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Can't really say anything bad about mine. Reasonably accurate, no failures to feed or eject, not much recoil. The grip screws will loosen up when firing, but a little blue loc-tite or clear finger nail polish will fix that. It is as big as some of the smaller 9mm pistols, so maybe not as attactive as it originally was. I would buy another if in the market for a .380
 

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I have a friend who just bought one and loves it. His only complaint is in finding ammo.
 

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I carry one daily.....very accurate/dependable with any ammo I've used.
Good. solid. underated piece. :hand10:
 

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I own the Thunder CC (.380). Very reliable and fun to shoot. Perfect size for the wife. When loaded with premium defensive ammo it's plenty potent and with 8+1 I'd say that it will do it's job. Light and easy to carry, snag-free design, and easy on the eyes. What's not to like?

The rate of exchange between USA and Argentina means that Argentina is just about the only place on the planet where one dollar is a huge amount of money. If Bersa's were made in Germany they'd cost more than double what they do now.

So, they are one of the best values on the gun market today IMHO.



More photos of my Bersa here.

Also check out one of my favorite forums, BersaTalk.com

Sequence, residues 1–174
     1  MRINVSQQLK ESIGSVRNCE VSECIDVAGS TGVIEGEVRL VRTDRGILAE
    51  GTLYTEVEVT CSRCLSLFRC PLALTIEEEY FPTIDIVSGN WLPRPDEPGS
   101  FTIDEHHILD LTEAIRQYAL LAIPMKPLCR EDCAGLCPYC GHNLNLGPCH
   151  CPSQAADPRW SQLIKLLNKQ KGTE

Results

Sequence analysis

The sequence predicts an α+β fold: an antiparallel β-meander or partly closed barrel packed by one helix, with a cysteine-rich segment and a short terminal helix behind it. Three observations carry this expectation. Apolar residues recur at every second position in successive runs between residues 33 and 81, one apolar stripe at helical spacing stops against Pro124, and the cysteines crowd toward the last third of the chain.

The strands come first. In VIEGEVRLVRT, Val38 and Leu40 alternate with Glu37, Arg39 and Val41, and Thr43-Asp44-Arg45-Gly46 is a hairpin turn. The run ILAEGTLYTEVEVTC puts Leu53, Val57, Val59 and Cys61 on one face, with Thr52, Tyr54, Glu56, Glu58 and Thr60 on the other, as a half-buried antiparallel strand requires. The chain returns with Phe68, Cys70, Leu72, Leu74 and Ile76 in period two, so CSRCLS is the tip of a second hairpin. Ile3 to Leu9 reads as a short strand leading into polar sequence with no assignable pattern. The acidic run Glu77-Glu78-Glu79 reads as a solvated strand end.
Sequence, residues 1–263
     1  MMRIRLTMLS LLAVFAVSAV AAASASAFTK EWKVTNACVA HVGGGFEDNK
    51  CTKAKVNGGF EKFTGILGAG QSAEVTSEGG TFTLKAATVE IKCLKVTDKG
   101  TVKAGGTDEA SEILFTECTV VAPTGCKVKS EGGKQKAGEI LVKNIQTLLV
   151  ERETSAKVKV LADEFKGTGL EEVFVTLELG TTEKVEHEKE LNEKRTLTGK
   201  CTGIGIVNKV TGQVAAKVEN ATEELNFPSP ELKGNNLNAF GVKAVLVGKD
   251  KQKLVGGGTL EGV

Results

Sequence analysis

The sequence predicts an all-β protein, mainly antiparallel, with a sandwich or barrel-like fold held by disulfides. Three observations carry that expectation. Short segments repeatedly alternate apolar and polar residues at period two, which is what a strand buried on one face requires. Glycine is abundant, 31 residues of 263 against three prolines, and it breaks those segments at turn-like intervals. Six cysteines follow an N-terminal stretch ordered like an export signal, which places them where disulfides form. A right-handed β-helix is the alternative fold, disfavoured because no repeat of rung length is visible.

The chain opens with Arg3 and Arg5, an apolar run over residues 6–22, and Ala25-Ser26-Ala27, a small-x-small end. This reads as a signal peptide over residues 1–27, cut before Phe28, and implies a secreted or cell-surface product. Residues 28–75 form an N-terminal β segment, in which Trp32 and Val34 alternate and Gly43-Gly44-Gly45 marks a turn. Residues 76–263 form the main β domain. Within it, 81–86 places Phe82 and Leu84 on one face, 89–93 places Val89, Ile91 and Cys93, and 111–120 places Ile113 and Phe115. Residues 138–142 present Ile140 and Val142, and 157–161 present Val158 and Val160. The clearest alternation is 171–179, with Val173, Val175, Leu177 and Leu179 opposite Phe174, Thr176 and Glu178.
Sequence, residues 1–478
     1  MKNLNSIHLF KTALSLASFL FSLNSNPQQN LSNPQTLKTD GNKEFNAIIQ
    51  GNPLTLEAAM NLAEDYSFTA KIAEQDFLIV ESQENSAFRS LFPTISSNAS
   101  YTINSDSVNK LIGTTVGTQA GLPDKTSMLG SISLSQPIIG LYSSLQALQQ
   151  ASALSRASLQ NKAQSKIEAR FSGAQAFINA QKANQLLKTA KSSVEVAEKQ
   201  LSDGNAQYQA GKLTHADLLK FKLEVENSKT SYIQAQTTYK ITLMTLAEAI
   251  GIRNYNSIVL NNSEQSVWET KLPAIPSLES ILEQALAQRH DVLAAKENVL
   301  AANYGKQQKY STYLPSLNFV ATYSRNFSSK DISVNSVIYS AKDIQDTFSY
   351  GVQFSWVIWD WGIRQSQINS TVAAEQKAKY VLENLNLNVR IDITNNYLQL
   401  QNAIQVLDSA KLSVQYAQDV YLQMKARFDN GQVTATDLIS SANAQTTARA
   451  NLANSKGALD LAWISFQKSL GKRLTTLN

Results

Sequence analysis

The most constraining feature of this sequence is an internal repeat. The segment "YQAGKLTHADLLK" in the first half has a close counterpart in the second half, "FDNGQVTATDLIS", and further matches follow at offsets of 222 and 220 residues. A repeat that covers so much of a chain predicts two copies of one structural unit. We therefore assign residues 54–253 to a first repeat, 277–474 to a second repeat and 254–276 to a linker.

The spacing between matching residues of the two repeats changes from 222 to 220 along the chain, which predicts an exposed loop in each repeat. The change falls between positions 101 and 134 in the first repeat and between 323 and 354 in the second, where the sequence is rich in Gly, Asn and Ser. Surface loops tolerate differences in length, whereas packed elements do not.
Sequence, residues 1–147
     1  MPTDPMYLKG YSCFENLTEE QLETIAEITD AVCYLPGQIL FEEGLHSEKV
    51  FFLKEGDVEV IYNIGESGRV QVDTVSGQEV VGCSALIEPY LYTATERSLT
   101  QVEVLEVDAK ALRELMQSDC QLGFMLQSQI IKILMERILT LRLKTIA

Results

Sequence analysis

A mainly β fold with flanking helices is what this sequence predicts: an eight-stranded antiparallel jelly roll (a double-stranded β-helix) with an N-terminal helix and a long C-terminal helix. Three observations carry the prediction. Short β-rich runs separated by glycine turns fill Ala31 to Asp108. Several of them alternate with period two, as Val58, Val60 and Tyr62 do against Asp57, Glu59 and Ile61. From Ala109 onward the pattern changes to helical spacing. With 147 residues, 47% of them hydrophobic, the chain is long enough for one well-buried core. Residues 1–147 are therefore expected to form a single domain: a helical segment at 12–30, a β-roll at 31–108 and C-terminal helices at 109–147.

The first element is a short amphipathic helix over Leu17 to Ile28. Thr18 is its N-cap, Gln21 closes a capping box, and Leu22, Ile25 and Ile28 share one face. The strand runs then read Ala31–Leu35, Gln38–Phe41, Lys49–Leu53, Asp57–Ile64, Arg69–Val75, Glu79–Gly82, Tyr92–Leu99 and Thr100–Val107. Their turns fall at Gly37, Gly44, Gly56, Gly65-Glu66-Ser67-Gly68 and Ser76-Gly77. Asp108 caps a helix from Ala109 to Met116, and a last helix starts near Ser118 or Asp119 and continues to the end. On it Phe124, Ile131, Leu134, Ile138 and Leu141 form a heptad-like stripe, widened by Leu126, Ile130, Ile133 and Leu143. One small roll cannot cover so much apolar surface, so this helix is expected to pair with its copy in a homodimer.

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Years ago the Bersa would get you laughed out of a gun shop, just like the Davis, Lorcin, Cobras etc.... But they have come a long way. Heck even I have one, lol!!!! For rounds I carry nothing but Buffalo Bore, the smaller the round the more of a hot load I want!!!

NCH
 

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My experience has been all good:

Pro's
-Very accurate
-Soft recoil
-Inexpensive to purchase
-decent sights
-Reliable; mine was 100% with anything I've ever put in it

Con's
-It's size; if you can carry this there are lot's of 9mm options in the same size package; I have a hard time justifying carrying a .380 which is nominal (or worse) for self defense when I can carry a 9mm just as conveniently
-Availability and cost of .380 ammo. It's expensive and not readily available and higher end ammo is almost ridiculous for cost
-has a VERY heavy double action pull which is what you're facing if yiou carry this for self defense. Most people load it with one in the chamber and leave the safety off. It's safe but the first round requires a heavy double action pull; after that it's an "ok" single action pull. The safety is small and still and not something I'd want to be messing with in a SD situation. I don't know if the DA pull can be lightened. I suspect a good gunsmith could but it's likely to cost you as much as the gun and again, if you're going to spend that much money you should at least consider a 9mm.
 

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I agree with Gideon. .380 ammo is hard to find. I looked into getting the Bersa and found reviews were mixed. I handled one at a store was was surprised at its size--big for a .380, especially compared to the P3AT and others.

I considered it for a pocket gun, but it's too big. When you can get a Glock 29 (9mm) or 27 (.40) in the same size gun (or one of many other sub-compact makes), I don't see any advantage of the Bersa Thunder other than it's a few bucks less.